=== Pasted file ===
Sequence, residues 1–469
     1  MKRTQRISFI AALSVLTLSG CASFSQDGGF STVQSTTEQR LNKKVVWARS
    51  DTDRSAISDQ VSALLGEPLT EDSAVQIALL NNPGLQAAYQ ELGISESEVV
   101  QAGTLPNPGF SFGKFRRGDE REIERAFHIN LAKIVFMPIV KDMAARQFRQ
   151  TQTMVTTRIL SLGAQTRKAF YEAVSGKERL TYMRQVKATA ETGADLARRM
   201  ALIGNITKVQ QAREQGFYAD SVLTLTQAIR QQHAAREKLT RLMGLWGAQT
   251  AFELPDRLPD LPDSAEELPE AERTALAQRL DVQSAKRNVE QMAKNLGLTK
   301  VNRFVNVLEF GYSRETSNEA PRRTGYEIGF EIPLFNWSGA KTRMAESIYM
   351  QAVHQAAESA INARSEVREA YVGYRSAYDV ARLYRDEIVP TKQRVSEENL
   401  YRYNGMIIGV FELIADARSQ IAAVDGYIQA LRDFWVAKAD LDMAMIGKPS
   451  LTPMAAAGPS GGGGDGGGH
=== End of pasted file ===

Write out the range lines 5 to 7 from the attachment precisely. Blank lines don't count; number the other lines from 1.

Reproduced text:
   151  TQTMVTTRIL SLGAQTRKAF YEAVSGKERL TYMRQVKATA ETGADLARRM
   201  ALIGNITKVQ QAREQGFYAD SVLTLTQAIR QQHAAREKLT RLMGLWGAQT
   251  AFELPDRLPD LPDSAEELPE AERTALAQRL DVQSAKRNVE QMAKNLGLTK